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E. Timor president to return home

Assassination attempt was made on his life
April 13, 2008 12:00:00 AM PDT
East Timorese President Jose Ramos-Horta said Sunday he would return home this week and resume his duties, two months after would-be assassins almost killed him. Ramos-Horta, speaking to reporters in Australia where he is recuperating, again gave assurances he was not planning to step down from office following the Feb. 11 attack outside his home in the East Timorese capital that critically wounded him.

"I will resume my functions as president, go back to my house and the people in the country, tens of thousands all over the country, are waiting for me," Ramos-Horta said.

He said he would arrive home on Thursday.

Ramos-Horta, 58, was rushed to the nearby city of Darwin in northern Australia after being shot twice by mutinous soldiers in front of his home in East Timor's capital, Dili. Prime Minister Xanana Gusmao escaped an ambush on his motorcade the same day.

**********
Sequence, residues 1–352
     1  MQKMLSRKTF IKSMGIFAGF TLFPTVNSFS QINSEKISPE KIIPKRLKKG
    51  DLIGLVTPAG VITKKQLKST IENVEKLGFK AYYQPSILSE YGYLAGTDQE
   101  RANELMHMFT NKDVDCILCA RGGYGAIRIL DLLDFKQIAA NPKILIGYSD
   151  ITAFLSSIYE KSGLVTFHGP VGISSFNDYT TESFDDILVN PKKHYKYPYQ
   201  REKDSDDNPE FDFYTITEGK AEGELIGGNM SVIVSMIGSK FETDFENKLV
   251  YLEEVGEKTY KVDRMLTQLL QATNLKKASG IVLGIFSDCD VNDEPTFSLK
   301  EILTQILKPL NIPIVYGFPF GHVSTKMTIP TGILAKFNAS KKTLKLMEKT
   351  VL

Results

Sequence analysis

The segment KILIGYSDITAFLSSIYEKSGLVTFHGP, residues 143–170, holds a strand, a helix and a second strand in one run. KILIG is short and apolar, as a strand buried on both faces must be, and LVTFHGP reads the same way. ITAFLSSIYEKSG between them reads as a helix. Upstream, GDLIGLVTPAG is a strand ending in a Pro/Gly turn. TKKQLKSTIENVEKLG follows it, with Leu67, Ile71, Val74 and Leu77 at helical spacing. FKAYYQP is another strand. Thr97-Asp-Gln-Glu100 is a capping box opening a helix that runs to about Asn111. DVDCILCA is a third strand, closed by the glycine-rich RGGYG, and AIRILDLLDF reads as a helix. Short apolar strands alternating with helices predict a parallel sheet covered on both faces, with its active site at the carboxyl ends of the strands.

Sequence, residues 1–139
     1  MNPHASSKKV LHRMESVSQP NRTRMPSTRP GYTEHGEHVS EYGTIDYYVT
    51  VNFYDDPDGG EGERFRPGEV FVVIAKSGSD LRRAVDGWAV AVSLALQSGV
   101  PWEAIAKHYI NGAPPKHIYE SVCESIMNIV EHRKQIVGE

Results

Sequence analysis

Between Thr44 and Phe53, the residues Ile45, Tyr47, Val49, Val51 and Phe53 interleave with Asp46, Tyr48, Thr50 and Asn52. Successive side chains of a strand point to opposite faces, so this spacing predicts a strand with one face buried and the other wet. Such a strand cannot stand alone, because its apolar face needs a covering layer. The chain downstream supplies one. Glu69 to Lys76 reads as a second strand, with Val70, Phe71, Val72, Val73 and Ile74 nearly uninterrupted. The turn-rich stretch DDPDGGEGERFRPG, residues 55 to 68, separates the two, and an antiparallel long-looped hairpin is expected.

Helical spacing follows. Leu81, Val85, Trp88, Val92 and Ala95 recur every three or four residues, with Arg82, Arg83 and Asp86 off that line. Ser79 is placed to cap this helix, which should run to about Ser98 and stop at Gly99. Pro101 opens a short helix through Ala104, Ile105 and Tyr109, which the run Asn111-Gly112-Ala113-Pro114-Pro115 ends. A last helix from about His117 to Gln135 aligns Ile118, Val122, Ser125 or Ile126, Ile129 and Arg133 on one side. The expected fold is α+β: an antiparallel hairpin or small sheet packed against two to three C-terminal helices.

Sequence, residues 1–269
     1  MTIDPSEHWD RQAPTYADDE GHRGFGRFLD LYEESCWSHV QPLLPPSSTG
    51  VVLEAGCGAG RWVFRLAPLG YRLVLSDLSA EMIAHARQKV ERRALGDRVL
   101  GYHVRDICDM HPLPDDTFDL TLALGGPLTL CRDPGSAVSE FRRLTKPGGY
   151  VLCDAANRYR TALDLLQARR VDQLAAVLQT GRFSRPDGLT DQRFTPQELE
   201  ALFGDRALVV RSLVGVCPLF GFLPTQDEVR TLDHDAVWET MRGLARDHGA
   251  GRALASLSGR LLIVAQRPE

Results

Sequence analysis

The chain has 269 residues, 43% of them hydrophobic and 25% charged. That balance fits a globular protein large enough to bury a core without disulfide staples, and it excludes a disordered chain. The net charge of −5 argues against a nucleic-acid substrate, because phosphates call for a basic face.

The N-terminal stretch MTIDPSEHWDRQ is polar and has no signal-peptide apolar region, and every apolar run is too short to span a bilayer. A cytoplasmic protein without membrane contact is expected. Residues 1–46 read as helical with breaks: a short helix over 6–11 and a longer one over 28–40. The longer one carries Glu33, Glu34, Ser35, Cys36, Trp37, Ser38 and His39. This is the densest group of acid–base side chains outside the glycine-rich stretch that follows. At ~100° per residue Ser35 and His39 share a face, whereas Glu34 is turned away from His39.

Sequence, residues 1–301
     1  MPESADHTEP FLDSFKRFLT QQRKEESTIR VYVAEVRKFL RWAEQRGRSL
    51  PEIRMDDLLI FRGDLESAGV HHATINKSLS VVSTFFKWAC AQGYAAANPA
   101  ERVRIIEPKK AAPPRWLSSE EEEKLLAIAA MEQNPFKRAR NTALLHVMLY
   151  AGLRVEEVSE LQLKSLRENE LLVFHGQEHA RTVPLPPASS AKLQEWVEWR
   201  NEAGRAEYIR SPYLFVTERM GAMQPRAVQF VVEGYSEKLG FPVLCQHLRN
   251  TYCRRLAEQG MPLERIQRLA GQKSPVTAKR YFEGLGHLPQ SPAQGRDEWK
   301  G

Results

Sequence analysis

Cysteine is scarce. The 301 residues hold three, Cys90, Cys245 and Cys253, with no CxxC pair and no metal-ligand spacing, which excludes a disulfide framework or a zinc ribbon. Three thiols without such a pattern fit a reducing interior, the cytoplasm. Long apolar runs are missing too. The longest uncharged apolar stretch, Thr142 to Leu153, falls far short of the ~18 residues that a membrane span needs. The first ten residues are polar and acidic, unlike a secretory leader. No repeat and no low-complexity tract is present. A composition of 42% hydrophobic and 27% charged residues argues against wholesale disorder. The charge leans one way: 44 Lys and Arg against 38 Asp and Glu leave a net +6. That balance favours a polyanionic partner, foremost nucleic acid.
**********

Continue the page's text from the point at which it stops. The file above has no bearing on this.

The motive of the attacks, which followed more than a year of political turmoil and violence, remained unclear.

Ramos-Horta, a Nobel peace laureate for his role in winning his impoverished country's independence from decades of brutal Indonesian rule, said he was still in pain from his wounds, which have required multiple surgeries.

"I would say physically, externally, I am 90 percent healed," he said. "But I still have problems with the nerves that were damaged by the bullet."

Two rebels were killed by presidential security guards during the attack, while an unknown number of others escaped.

The president said he had no fears for his safety when he returns home to his heavily Roman Catholic nation.

"No, God is on my side, the people of Timor are on my side," he said.

In comments to supporters in Darwin earlier Sunday, Ramos-Horta said he was proud of his countrymen for how they handled the crisis surrounding the assassination attempts.

"The country has been most peaceful ... it did not descend into civil war or violence, even the youth gangs stopped fighting each other after Feb. 11," he said.

 

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